Japan invents invisibility cloak

8 years ago by in Featured, Technology Tagged:

One of the most exciting abilities of characters in movies and books, invisibility, was brought much more close to becoming reality, thanks to the work of Japanese researchers.

They developed a hi-tech cloak which, worn by a person, makes him or her look “transparent”, much like the famous Harry Potter used to do when cornered by enemies.

The transparent cloak is made using so-called retro-reflective projection technology. A camera fitted on the back of the cloak records what happens behind the wearer and projects the image on the front, creating the illusion that the person is transparent.

“A computer processes the background imagery and relays it to a projector that filters through a half mirror and projects the scene onto the wearer. From a certain angle, the cloaked person looks transparent to onlookers,” explained Dr. Susumu Tachi, the leader of the research team at the University of Tokyo’s Tachi Lab.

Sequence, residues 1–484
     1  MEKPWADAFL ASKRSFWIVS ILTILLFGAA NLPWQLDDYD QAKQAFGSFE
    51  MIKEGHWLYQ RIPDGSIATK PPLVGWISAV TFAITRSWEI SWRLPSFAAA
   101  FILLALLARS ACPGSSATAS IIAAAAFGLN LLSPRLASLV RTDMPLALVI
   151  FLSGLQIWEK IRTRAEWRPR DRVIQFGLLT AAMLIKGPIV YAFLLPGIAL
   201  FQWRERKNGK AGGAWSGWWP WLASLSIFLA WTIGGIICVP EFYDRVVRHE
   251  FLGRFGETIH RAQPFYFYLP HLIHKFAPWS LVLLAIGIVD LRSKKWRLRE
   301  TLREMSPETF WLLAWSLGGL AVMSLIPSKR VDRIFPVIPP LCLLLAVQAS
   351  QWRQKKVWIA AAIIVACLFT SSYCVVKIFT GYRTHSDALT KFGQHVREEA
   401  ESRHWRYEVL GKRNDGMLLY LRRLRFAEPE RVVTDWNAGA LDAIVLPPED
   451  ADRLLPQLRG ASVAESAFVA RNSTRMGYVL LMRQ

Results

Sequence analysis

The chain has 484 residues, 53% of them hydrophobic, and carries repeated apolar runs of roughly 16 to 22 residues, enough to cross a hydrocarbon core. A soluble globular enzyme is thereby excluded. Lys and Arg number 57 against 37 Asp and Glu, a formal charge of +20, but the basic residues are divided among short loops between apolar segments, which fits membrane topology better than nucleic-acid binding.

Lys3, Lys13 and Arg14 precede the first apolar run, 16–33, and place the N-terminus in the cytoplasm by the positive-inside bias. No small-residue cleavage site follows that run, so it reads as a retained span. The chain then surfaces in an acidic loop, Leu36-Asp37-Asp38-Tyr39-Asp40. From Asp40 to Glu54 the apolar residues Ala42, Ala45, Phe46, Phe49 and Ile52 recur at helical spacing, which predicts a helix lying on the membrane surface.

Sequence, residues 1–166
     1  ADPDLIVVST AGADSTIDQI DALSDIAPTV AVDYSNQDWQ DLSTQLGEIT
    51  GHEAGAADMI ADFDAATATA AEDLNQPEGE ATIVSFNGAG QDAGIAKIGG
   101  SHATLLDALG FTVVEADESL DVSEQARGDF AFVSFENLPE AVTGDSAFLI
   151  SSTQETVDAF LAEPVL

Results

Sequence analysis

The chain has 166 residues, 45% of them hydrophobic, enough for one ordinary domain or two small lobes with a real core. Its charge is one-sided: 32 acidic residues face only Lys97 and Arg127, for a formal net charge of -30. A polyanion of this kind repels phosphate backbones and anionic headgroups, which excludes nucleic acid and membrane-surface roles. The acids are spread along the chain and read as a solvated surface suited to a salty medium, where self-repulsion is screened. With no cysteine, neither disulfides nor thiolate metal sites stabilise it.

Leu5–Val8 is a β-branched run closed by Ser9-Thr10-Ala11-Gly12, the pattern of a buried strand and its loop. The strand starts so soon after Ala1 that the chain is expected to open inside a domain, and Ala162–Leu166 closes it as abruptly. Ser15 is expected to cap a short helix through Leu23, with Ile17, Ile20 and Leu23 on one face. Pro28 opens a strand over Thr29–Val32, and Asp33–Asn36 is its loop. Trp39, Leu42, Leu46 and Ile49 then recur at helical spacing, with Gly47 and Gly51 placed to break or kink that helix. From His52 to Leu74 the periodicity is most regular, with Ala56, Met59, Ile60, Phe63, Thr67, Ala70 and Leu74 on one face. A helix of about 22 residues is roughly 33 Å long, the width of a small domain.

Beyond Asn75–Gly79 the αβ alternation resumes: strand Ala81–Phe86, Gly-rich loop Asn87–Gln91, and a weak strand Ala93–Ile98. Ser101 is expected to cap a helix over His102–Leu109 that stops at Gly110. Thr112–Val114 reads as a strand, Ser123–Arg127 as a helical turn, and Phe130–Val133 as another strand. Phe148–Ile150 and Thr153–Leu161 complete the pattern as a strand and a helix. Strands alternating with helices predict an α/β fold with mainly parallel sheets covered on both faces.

The concept is expected to find practical use in cars, helicopters and planes, helping drivers and pilots to see “through” the vehicle as they operate it. It could for example help eliminate “blind spots” in the car, so that the driver notices easier a motorcyclist approaching from behind, or it could help a driver back the car up without the risk of hitting unseen obstacles.